Objects, types, and classes

Schemas consist of objects, types, and classes.


A data object is a complete unit that exists in your input or is built on output. A data object can be simple (such as a date) or complex (such as a purchase order).

A data object is some portion of data in a data stream that can be recognized as belonging to a specific type. When you create types, identify all of the objects that make up the data: input objects and output objects.


A type defines a set of data objects that have the same characteristics. For example, the type "Date" can be defined as representing data objects in the form MM-DD-YY. The type "CustomerRecord" can be defined as representing data objects, each of which consists of a Company, Address, and Phone data object.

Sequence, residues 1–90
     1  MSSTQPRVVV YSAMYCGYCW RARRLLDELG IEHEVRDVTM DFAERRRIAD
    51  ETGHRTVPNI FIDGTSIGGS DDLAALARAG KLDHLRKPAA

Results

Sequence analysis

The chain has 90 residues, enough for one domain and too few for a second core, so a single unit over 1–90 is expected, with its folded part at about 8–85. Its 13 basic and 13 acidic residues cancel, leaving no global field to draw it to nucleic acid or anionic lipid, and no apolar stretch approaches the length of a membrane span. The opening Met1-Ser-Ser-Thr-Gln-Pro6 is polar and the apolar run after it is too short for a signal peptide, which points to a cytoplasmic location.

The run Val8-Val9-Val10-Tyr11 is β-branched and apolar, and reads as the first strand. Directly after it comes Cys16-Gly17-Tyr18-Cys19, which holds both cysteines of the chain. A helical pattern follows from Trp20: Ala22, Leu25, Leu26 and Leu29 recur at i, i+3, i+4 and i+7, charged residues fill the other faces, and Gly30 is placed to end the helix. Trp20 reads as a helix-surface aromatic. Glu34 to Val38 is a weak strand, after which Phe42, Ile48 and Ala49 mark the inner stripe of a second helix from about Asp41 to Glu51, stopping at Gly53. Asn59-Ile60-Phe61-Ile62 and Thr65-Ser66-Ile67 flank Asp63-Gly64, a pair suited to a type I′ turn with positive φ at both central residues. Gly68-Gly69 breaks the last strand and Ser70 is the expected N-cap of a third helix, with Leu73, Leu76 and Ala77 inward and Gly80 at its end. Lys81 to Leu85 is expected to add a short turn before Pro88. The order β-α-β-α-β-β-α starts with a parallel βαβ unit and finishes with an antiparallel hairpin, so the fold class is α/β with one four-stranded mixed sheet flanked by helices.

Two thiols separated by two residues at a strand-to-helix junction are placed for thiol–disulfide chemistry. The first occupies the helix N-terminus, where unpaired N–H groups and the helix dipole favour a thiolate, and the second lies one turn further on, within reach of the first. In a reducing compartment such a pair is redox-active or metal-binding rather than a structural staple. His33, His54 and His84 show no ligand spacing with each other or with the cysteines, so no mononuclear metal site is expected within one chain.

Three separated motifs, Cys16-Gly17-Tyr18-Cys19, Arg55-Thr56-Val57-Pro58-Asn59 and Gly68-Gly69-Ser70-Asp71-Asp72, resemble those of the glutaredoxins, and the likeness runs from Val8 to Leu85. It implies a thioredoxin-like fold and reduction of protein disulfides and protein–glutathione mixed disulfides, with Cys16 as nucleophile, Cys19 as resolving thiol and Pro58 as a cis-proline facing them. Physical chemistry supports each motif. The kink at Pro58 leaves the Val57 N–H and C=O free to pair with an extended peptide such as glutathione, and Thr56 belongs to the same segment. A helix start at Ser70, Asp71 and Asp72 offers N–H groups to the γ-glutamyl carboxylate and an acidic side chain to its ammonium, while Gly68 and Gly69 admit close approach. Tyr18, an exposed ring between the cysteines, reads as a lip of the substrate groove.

A type is classified according to whether or not it consists of other objects. Each type in a schema must be defined in one of three classes: item, group, or category.
  • Item type

    An item type represents a simple data object that does not consist of other objects.

  • Group type

    A group type represents a complex data object that consists of other objects. For example, "FullName" is a group type that contains the components: FirstName, MiddleInitial, and LastName.

  • Category type

    A category type is used for inheritance and for organizing other types in a schema. For example, you might have a category named "OrderField" to organize the different kinds of order fields in your schema.